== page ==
(Bloomberg) -- Euro-zone inflation readings used to be poured over for clues about how much higher the European Central Bank would send interest rates. Now, though, the figures are set to shape bets on cuts.

The shift is down to the latest ECB hike, which — despite President Christine Lagarde’s protests — investors, economists and many of her colleagues reckon was the final leg of this historic ramp-up in borrowing costs.

The focus is now on keeping the deposit rate at 4% for an extended period. But investors are asking how long can it stay there in the face of a flat-lining economy and with politicians on the warpath over the hit to growth.

Markets are currently betting on a first rate cut next July. ECB officials haven’t been clear on their preferred timetable.

Inflation will determine how long peak rates persist — and Friday’s data for September will provide a first glimpse. As the ECB enters this new phase, an estimate of euro-area price gains by Bloomberg Economics’s new Nowcast model points to a steep slowdown — to 4.6% from 5.2% in August.

A gauge of underlying pressures that strips out energy and food costs will continue to garner attention, too — especially as the prospect of $100 oil looms. The Nowcast, which incorporates 32 variables ranging from unemployment to energy costs, sees core prices rising by 4.9%.

The median economist estimate suggests a similar slowdown, with 4.5% for the headline gauge and 4.8% for the core number.

Country data will be mixed: The Nowcast suggests Germany will report a substantial slowdown, while France and Spain see accelerations. Italy probably held at 5.5%. 

What Bloomberg Economics Says...

“Euro-area headline and core inflation are likely to drop below 5% for the first time this year in September. That will ease pressure on the ECB and cement the case that interest rates have peaked in the region.”

—Maeva Cousin, senior euro-area economist. For more, click here

As well as the ECB, inflation dynamics may be entering a new phase. After a summer during which both the headline and underlying measures fell only marginally — blame German transport subsidies for that — analysts now anticipate a more rapid retreat.

Weaker economic growth could slow price gains further still. Data Monday showed only a marginal improvement in the business outlook in Germany, with Clemens Fuest, who heads the Ifo institute that compiles the numbers, saying sentiment “remains bleak.”

The last mile of inflation’s return to the 2% target may well be the toughest and is unlikely to be as rapid as this month’s reading may suggest. The ECB still sees price growth averaging 3.2% next year and only reaching its goal in 2025.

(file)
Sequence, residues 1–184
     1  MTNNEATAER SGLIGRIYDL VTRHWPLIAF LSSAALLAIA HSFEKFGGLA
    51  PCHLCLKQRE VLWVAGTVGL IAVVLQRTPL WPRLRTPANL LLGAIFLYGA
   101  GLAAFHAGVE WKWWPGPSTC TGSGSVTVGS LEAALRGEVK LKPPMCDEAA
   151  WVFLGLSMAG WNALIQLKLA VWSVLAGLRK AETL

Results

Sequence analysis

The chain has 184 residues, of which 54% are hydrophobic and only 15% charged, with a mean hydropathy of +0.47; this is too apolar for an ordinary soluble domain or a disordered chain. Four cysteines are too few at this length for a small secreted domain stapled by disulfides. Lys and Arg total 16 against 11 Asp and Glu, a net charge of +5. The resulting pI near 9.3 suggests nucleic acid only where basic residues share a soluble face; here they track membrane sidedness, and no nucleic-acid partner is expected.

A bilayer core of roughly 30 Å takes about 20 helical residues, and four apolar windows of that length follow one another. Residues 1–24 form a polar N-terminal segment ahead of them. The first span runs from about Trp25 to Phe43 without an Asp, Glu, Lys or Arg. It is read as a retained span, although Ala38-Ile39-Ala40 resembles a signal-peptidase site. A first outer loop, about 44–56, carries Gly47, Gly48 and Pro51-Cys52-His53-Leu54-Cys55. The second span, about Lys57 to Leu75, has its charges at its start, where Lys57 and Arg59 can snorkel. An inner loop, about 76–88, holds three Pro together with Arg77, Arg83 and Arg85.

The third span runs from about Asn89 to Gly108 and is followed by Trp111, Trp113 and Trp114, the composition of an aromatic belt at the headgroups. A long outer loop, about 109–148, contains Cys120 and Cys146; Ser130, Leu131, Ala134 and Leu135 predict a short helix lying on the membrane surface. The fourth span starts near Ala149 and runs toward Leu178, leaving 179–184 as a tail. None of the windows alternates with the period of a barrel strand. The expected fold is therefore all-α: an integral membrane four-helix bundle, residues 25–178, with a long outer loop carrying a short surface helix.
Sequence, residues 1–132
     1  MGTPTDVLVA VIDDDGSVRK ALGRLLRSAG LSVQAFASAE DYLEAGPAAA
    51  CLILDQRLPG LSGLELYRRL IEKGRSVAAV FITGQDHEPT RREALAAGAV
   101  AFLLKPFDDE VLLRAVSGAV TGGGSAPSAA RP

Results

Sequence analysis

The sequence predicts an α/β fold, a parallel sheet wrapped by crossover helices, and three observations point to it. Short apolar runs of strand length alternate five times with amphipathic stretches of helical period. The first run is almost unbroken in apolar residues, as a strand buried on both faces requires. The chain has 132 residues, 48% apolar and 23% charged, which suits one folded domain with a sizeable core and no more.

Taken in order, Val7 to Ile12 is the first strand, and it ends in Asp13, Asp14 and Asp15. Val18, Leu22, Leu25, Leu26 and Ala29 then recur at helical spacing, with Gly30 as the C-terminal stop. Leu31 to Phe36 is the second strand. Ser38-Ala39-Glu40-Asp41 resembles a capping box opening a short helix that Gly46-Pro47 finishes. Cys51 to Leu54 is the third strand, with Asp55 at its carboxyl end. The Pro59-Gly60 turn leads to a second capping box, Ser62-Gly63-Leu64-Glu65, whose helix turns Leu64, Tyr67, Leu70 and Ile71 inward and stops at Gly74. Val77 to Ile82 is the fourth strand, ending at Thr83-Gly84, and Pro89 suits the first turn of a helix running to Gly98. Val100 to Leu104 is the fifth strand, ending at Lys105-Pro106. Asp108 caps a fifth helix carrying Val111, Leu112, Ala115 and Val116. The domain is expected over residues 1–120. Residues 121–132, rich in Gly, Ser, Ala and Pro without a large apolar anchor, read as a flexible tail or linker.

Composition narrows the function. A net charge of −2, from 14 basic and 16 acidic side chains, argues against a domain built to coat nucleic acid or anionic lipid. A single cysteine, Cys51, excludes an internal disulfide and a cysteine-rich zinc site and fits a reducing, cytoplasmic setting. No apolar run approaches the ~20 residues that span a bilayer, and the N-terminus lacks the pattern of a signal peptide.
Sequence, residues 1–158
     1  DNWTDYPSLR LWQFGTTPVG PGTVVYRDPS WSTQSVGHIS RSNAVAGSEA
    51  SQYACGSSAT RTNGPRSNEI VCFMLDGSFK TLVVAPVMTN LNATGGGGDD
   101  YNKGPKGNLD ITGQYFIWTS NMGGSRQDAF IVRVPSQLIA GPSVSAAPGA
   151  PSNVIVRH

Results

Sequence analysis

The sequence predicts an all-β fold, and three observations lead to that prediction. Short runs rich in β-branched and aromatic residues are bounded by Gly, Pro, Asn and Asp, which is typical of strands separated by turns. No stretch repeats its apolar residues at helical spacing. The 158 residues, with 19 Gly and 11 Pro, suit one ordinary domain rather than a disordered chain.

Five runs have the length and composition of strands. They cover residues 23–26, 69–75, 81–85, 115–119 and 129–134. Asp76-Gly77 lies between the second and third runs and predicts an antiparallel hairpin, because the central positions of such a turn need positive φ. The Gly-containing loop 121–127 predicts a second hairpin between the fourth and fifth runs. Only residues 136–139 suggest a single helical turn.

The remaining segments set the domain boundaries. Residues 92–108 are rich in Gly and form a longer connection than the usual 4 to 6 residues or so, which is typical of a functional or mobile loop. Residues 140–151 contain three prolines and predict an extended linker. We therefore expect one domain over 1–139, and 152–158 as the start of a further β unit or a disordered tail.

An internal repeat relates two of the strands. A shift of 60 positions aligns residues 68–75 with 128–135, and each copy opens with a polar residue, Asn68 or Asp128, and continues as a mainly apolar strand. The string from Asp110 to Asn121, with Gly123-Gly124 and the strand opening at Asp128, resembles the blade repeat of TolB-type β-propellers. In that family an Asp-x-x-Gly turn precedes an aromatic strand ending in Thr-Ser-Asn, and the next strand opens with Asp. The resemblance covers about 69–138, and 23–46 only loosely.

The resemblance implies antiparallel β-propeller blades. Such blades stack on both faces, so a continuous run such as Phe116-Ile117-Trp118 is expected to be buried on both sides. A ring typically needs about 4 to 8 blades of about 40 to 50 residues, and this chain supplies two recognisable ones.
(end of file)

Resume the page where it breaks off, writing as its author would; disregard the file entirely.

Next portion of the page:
Slovak central bank chief Peter Kazimir has warned that officials won’t be able to sound the all-clear until they see quarterly forecasts next March. “It remains open and unanswered how long it will be necessary to stay with rates at peak levels,” he said.

Others on the 26-strong Governing Council caution that further tightening may yet be necessary should prices not recede as envisaged.

“Have we reached the plateau?” Bundesbank President Joachim Nagel said. “This can’t yet be clearly predicted. The inflation rate is still too high. And the forecasts still only show a slow decline.”

Most, though, think rates are now at their high point. Bank of France Governor Francois Villeroy de Galhau said Monday that “we should now focus on the persistence of policy rather than the constant pushing of rates higher — duration rather than level.”

And despite Lagarde saying the ECB hasn’t “decided, discussed or even pronounced cuts,” some policymakers are starting to say the word out loud. 

“As things stand, I assume that our next step will be an interest-rate cut,” Greece’s Yannis Stournaras told the Boersen-Zeitung newspaper last week. “I think we have reached the interest-rate peak. That is my feeling and my understanding.”

Note: Bloomberg Economics’ Nowcast models provide a high-frequency data-driven forecast of key economic variables ahead of their official release. They also show how different inputs impact the forecast. All of the Nowcast models are Bayesian Vector Autoregressions (BVARs), a well-established modeling framework. They include the main market-moving indicators for each variable of interest and are updated daily.

--With assistance from James Hirai, Joel Rinneby and Andrej Sokol (Economist).

(Updates with Ifo, Villeroy starting in 10th paragraph.)

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